Need to be safe but you want to look good at the same time? Here are some riding jeans that fit the bill
Want to look good on the bike and off it and keep your legs protected at the same time? Look no further. We’ve long-term tested four of the best protective riding jeans out now, and here’s what we think.
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Rokker Rokkertech Slim
Rokkertech Slims are a little pricey, but you definitely get what you pay for.
Of all the protective jeans here, the Rokkertech Slim feel the most substantial. They have a heavier, more traditional feel to the material that you might normally get with jeans lined with a protective layer. The jeans are constructed from a single layer of ultra-high-molecular-weight polyethene (UMPHWE)—Dyneema, to me and you—which Rokker says is 15 times the strength of steel. That might make it sound like they’ll feel as if you’ve donned a pair of plastic pants, but rest assured, these are very soft and comfy.
The Rokkertech pants appear to have great abrasion resistance, though interestingly Rokker doesn’t mention how much sliding time they can endure and they don’t seem to have CE-approval. That said, they come with pockets for armor in the knee and hip area (I used regular D30, which fitted nicely) so you can fit CE-approved armor to them. In terms of fit, though they’re classed as ‘slim’, I’d say they’re somewhere between a US and European slim. They still have enough space for those with slightly chunkier calves, but they look tailored enough to wear as regular jeans. They also do leg sizes (up to 36-inch) for long legged folks.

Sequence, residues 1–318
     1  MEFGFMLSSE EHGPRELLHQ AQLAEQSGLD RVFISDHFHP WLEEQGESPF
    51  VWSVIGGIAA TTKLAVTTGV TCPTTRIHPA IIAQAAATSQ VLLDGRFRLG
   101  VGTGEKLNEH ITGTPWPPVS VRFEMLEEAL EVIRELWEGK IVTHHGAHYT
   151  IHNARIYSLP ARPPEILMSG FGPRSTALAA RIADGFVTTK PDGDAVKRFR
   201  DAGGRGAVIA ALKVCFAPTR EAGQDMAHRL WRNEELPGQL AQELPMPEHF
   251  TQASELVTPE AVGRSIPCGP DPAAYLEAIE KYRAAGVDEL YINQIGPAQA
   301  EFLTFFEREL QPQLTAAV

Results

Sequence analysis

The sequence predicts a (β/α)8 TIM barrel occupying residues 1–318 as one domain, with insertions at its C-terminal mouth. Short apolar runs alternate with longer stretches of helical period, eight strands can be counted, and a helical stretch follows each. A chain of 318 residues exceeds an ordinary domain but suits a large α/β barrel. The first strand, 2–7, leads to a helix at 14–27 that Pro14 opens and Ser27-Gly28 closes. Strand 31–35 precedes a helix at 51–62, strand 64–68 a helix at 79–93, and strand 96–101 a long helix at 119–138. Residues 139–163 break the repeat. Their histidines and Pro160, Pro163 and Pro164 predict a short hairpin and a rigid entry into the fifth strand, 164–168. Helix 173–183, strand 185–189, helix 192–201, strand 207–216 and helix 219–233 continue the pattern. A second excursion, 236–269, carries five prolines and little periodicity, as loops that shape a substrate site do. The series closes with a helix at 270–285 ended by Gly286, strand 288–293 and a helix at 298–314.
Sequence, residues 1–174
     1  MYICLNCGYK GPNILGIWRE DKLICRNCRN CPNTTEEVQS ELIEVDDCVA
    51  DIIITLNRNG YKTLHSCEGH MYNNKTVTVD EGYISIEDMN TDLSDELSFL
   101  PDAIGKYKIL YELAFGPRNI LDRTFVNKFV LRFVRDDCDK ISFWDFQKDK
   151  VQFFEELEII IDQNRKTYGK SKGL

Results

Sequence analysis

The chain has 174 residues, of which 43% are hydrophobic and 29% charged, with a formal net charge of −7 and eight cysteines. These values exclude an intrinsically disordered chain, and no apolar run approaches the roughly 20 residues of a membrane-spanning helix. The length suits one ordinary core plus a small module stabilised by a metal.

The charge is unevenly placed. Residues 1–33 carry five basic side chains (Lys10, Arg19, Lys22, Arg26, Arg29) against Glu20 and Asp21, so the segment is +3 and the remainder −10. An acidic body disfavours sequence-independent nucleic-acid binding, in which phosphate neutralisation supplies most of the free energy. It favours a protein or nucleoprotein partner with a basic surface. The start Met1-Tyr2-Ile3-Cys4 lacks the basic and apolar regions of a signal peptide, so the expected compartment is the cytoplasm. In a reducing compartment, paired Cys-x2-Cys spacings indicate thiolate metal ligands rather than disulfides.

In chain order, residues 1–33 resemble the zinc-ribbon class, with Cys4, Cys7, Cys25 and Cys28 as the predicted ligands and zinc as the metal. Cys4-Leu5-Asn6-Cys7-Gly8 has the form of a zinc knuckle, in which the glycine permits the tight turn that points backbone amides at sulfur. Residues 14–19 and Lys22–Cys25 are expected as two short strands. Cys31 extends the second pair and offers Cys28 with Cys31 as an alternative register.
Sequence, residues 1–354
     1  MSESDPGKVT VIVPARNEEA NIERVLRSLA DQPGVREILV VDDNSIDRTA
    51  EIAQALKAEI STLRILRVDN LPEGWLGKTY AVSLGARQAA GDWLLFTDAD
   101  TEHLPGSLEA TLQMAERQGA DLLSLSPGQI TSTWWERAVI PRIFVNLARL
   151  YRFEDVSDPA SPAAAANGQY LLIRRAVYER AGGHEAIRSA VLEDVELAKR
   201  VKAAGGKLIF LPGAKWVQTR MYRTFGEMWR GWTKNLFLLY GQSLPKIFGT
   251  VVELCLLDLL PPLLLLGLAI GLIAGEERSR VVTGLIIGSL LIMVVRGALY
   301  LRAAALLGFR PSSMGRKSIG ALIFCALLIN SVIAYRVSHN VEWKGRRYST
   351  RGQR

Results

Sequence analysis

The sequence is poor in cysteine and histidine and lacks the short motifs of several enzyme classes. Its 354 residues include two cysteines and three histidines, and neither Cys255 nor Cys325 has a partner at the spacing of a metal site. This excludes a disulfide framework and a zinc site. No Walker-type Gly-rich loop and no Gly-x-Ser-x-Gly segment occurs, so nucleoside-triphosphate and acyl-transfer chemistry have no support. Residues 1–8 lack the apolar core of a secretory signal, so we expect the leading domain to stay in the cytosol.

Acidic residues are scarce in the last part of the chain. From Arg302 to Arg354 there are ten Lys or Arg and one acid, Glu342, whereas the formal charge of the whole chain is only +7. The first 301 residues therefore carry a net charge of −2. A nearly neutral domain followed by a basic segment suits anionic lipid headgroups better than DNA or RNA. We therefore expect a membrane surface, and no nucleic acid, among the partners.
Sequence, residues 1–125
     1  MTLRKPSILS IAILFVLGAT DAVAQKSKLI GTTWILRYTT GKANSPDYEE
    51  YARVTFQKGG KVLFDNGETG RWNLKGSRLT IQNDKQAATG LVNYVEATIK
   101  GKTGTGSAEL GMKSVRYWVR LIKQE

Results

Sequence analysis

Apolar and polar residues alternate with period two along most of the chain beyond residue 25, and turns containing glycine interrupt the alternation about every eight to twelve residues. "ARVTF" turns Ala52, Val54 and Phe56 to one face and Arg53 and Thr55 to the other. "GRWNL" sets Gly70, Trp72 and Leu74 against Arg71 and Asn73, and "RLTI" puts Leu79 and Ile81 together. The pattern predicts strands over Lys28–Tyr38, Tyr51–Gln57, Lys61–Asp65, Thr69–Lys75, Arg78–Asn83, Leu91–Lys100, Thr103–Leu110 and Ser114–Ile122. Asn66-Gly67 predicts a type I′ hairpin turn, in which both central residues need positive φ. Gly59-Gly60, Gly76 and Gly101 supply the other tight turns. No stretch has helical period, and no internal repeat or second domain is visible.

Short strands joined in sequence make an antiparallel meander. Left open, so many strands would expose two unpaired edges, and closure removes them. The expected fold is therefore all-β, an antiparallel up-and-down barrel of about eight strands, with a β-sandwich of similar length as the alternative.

Criticisms? The armor in the knees is non adjustable for placement, and I found that it sits a little high when my legs are bent. Also, I don’t like a button fly, but that’s purely subjective. Overall, these are a good-looking jean with great protection on offer. They fit really nicely, but they are a little on the pricey side.
Saint Stretch Denim
These jeans look fantastic in dark indigo.
Out of the box, what strikes you is just how awesome-looking these made-in-Australia jeans are. They ooze appeal, and in this ‘Dark Indigo’ color they’d work equally well as jeans for just walking around, even if you’re not on a motorcycle. They’re more than just looks though. The Stretch Denim jeans are made from Saint’s Unbreakable 4.0 material, a single layer weave of Dyneema, cotton, polyamide, and elastane. Saint says this endows the jeans with great abrasion resistance, and they can withstand a slide time of 4.10 seconds should you go down at speed. Backing this up is a CE Level 1 rating for the material.
The only negative is no provision for armor in either the knees or the hips. That might be OK around town, but I prefer to have the impact protection in any situation. Having said this, you’d struggle to get armor inside these jeans anyway. They definitely err on the ‘skinny’ side of jeans, and I only just managed to get my legs into them. Not only are they tight against your skin, but the lining has a strange, almost ‘cold’ feel to them it. Also, there’s not quite enough stretch in them, despite the name. On the bike with my knees bent they were quite tight around the back, which made them a little uncomfortable for longer—ahem—stretches.
Annoyingly, though you do get longer leg lengths (up to 36-inch inside leg), you can only get the longer size if you’ve got a 36-inch waist or above. Like the Rokkertech Slim jeans, these are also a bit on the pricey side, but they do feel pretty special after all, even if they’re not perfect.
Pando Moto Steel Black